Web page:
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October 20, 2015

Family Detention: Still Happening, Still Damaging

Introduction

The U.S. government’s policy of detaining asylum-seeking families, often the subject of intense political and legal debate, is harmful to children and their parents. Furthermore, it is unnecessary.

On June 24, 2015, nearly four months ago, the Secretary of the Department of Homeland Security (DHS) Jeh Johnson announced plans to reform the Obama Administration’s family detention policies. Two months later, on August 21, 2015, the U.S. District Court for the Central District of California issued a final ruling in Flores v. Lynch, ordering the federal government to comply with a settlement agreement that sets standards for the detention and release of children in federal immigration custody. On September 18, 2015, as the government filed a notice of appeal in Flores, Secretary Johnson issued a public statement asserting that family detention is “becoming short-term in most cases” and that DHS was “transitioning” its family detention facilities into “processing centers” where individuals could be interviewed and screened “rather than detained for a prolonged period of time.” The deadline for the government to comply with Flores is October 23, 2015.

This report identifies the continuing impact of detention on families held in such facilities since the June reform announcement and the August court ruling. Despite new DHS messaging labeling family detention facilities as “processing centers,” they are still detention facilities and the families held there still suffer from the harmful effects of detention.

Since announcing its reforms in June, DHS has chosen to send many more families into detention and to put more families into “expedited removal” proceedings, rather than directly referring them into the regular removal process that would include a hearing before an immigration judge. More families are being detained despite evidence that confinement even for short periods of time still damages children. Research confirms that detention of less than two weeks is associated with negative health outcomes and potential long-term health and developmental consequences. In a July 2015 letter, the American Academy of Pediatrics told DHS Secretary Johnson: “The act of detention or incarceration itself is associated with poorer health outcomes, higher rates of psychological distress, and suicidality making the situation for already vulnerable women and children even worse.”

When President Obama proclaimed October 2015 as National Domestic Violence Awareness Month, reaffirming the U.S. commitment to “uphold[ing] the basic human right to be free from violence and abuse,” he failed to acknowledge an unfortunate hypocrisy. Many mothers and girls sent to immigration detention are fleeing domestic violence and abuse in their home countries. Yet the Obama Administration’s policies put them at risk of re-traumatization.

Family detention is not necessary to ensure compliance with immigration reporting obligations. Other tools, such as community-based programs, legal representation initiatives, and legal information orientations are more humane and cost-effective. Data show that 98 percent of mothers who have legal representation appear for their immigration court hearings. If, after an individualized assessment, DHS determines some families need appearance support, community-based programs have proven effective at ensuring appearance for immigration proceedings, while also providing essential services, including housing, mental health services, and referrals to pro bono legal counsel. The U.S. Conference of Catholic Bishops’ Migration and Refugee Service and Lutheran Immigration and Refugee Service recently piloted two small programs that provided holistic social services. They showed initial compliance rates of 96 to 97 percent.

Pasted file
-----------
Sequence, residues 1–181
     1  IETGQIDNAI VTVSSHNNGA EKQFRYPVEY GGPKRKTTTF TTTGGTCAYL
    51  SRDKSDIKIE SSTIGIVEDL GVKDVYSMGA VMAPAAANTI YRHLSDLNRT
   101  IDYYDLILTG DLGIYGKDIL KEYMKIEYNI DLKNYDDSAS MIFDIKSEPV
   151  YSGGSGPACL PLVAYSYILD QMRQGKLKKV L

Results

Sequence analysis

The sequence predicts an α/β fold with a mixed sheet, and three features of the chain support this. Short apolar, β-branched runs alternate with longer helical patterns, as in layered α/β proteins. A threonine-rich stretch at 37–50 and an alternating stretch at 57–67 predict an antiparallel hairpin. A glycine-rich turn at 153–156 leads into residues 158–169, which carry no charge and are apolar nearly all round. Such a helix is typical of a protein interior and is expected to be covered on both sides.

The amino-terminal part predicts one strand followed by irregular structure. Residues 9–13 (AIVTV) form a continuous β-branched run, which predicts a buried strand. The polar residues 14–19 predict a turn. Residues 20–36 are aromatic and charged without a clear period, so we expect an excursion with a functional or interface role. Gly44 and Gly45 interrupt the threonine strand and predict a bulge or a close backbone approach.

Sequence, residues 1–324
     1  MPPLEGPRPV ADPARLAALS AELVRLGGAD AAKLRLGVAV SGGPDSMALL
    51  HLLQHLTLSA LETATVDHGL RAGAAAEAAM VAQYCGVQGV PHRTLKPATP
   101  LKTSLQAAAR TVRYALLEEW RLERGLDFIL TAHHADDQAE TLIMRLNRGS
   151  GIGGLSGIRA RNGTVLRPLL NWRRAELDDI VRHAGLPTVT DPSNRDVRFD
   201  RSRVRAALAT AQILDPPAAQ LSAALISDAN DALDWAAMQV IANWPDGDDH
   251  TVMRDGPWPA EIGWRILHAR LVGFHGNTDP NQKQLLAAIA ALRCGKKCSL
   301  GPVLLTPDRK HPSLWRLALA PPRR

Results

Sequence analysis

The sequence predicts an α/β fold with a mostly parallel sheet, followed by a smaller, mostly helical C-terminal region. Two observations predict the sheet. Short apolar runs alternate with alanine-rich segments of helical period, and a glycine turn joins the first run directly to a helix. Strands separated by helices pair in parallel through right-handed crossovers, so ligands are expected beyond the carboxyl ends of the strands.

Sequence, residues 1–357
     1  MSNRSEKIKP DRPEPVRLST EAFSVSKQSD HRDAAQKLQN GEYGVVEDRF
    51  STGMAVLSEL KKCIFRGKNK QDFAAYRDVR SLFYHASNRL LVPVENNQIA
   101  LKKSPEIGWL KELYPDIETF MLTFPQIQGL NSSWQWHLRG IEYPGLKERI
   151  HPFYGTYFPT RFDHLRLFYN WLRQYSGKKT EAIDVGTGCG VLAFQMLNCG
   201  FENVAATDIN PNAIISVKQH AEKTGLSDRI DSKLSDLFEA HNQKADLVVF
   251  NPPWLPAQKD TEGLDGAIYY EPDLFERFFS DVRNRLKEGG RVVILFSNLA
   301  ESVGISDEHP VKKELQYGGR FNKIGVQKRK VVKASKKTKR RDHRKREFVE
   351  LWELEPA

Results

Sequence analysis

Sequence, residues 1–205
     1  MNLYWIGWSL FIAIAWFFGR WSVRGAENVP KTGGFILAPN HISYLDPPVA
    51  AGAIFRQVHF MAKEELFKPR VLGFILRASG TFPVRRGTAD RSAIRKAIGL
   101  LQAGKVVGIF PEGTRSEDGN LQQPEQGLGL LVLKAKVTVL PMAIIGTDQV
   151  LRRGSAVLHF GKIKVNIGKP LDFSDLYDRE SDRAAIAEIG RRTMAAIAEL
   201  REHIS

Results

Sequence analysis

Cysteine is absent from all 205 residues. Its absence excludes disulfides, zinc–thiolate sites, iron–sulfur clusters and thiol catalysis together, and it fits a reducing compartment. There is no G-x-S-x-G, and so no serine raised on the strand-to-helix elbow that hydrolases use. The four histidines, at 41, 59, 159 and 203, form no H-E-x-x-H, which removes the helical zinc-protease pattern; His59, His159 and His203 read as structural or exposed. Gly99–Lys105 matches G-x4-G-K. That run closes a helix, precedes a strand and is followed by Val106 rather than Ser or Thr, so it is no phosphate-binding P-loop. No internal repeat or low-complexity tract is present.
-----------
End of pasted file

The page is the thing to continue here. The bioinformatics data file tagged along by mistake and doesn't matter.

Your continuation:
Not only is it unnecessary to send families to immigration detention, it is also impermissible under international law to send individual refugees and migrants into automatic detention in order to send a message to deter other individuals from coming to the United States.

Speaking before Congress and members of the cabinet last month, Pope Francis called on the United States to respond to refugees and migrants in a humane and just manner, treating them as individuals instead of merely reacting to their numbers. Moreover, as the American Bar Association pointed out in a July 2015 report, DHS must be able to anticipate and address fluctuations in migration patterns and to do so through fair implementation of plans that use tools other than detention, excessive supervision requirements, and expedited deportation proceedings that undermine due process.

Overall apprehensions of unaccompanied children and families are down by approximately 46 and 48 percent, respectively, compared to fiscal year 2014, according to statistics released by the Department of Homeland Security. Any increases or fluctuations in migrants and asylum seekers requesting protection at the southern border, whether the increases are characterized as a “surge” or uptick like that reported for the month of August, can be managed with the use of rights-respecting rather than rights-violating tools.

The bottom line is that the United States is more than capable of handling variances in refugee and migration patterns by engaging in proper planning rather than resorting to policies that undermine U.S. human rights commitments, due process, and access to counsel. 

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